Final HIPAA Rule on Breach Notification - A Breach Is Now Something Different

Jan 18, 2013, 15:16 ET from Beazley Group plc

PHILADELPHIA, Jan. 18, 2013 /PRNewswire/ -- A key change to the notification requirements for breaches involving protected health information (PHI) could make a significant difference to healthcare providers, health plans and their vendors, increasing the risks of their failing to notify affected individuals.

Katherine Keefe, head of Beazley Breach Response Services, a dedicated unit within specialist insurer Beazley that helps clients manage data breaches, said:

"The long awaited final HIPAA rule readdresses the breach notification requirements first enacted under the Health Information Technology for Economic and Clinical Health Act (HITECH) and changes the game fairly materially."  

Under the current interim rule, a breach is defined as an inappropriate use or disclosure of PHI involving significant risk of financial, reputational or other harm. The final rule changes this definition by stating that an impermissible use or disclosure of PHI is presumed to be a breach, unless the covered entity can demonstrate that there is a low probability that the PHI has been compromised.

"In particular," Ms Keefe noted, "the final rule requires that four factors be considered when determining if PHI has been compromised.  First, the nature and extent of the PHI involved.  Second, the unauthorized person who used the PHI or to whom the disclosure of PHI was made.  Third, whether the PHI was actually viewed or acquired.  And fourth, the extent to which the risk to the PHI has been mitigated. The government makes very clear that that each of these factors must be considered when evaluating impermissible uses or disclosures of PHI, and that compliance policies need to include these factors."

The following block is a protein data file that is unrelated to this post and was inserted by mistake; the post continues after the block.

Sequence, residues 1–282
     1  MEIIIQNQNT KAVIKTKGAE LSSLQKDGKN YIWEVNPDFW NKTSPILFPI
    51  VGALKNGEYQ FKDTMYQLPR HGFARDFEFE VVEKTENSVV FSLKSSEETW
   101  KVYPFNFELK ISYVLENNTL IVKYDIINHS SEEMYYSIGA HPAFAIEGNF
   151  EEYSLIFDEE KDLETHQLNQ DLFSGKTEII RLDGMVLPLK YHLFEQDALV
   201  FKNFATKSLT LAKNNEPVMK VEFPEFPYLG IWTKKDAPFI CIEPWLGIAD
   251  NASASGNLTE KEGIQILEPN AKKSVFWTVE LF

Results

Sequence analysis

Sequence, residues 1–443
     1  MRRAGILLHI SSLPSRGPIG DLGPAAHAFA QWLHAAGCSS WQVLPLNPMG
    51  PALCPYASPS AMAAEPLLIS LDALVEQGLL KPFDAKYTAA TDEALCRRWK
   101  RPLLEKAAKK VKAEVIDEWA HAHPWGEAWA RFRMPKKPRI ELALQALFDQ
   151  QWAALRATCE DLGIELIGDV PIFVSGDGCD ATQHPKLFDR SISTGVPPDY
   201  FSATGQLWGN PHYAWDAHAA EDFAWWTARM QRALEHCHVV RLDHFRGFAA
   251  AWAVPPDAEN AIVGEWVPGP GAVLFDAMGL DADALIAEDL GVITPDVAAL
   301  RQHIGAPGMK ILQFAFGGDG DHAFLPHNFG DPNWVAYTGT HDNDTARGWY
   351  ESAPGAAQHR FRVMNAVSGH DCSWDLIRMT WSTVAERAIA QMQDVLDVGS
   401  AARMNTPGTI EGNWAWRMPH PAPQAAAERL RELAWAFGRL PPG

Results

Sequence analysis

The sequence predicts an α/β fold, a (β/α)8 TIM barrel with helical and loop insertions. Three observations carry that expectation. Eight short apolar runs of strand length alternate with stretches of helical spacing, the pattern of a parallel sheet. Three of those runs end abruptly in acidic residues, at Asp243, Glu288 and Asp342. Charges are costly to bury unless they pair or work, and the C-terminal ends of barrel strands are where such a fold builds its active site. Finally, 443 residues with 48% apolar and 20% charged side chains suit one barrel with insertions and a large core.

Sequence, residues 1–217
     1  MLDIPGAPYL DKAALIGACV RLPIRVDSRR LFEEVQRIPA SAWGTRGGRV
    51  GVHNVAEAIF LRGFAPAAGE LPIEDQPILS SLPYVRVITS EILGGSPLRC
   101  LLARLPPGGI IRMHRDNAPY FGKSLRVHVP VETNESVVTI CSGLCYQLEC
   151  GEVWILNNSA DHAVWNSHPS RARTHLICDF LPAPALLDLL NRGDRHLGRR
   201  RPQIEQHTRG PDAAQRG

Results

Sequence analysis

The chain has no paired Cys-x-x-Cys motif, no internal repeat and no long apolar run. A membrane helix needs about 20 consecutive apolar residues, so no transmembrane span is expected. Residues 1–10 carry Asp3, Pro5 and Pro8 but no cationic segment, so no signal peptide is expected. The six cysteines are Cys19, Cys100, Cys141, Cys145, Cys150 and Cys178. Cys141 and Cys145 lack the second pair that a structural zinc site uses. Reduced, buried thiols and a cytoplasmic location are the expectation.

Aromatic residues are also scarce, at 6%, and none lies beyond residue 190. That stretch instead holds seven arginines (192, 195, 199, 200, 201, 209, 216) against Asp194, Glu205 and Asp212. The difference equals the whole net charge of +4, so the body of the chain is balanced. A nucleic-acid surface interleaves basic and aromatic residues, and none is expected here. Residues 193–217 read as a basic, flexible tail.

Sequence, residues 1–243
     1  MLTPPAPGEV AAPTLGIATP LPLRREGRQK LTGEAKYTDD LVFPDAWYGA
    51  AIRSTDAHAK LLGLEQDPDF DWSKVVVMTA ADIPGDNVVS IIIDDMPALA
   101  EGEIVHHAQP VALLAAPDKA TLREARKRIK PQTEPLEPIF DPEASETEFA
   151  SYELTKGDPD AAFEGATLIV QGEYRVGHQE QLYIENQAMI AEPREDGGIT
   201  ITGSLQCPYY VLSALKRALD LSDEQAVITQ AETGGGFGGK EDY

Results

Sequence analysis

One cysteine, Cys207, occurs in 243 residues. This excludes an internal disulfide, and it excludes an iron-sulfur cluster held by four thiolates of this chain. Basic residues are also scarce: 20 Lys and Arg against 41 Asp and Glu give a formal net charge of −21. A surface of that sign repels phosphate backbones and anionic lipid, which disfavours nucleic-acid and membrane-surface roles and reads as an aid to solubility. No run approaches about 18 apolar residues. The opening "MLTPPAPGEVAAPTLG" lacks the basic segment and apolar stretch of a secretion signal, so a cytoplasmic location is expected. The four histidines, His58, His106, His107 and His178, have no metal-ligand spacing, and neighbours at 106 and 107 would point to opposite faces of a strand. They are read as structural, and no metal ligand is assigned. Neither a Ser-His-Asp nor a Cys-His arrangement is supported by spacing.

Ms Keefe said that the final rule would likely make healthcare providers and health plans (and their business associates, which are also covered by the rule) even more wary about failing to notify affected individuals of inappropriate uses or disclosures of PHI.  Even under the interim rule, in force since 2009, more than 21 million victims of "large" healthcare breaches (affecting 500 people or more) have received notifications. While the final rule is slated to take effect on March 26th, compliance by covered entities and business associates is required by September 23, 2013.

Note to editors: 
In 2010 Beazley launched Beazley Breach Response (BBR), a unique insurance, loss control and risk mitigation service for privacy and data breaches.  In less than two years BBR has become recognised as the most comprehensive solution available to the challenge of data breaches.  BBR brings together expert forensic, legal, notification and credit monitoring services to satisfy all legal requirements and maintain customer confidence.

Beazley plc (BEZ.L), is the parent company of specialist insurance businesses with operations in Europe, the US, Asia and Australia.  Beazley manages five Lloyd's syndicates and, in 2011, underwrote gross premiums worldwide of $1,712.5 million.  All Lloyd's syndicates are rated A by A.M. Best. 

Beazley's underwriters in the United States focus on writing a range of specialist insurance products.  In the admitted market, coverage is provided by Beazley Insurance Company, Inc., an A.M. Best A rated carrier licensed in all 50 states.  In the surplus lines market, coverage is provided by the Beazley syndicates at Lloyd's.

Beazley is a market leader in many of its chosen lines, which include professional indemnity, property, marine, reinsurance, accident and life, and political risks and contingency business.

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Information referenced is from the US Department of Health & Human Services.


SOURCE Beazley Group plc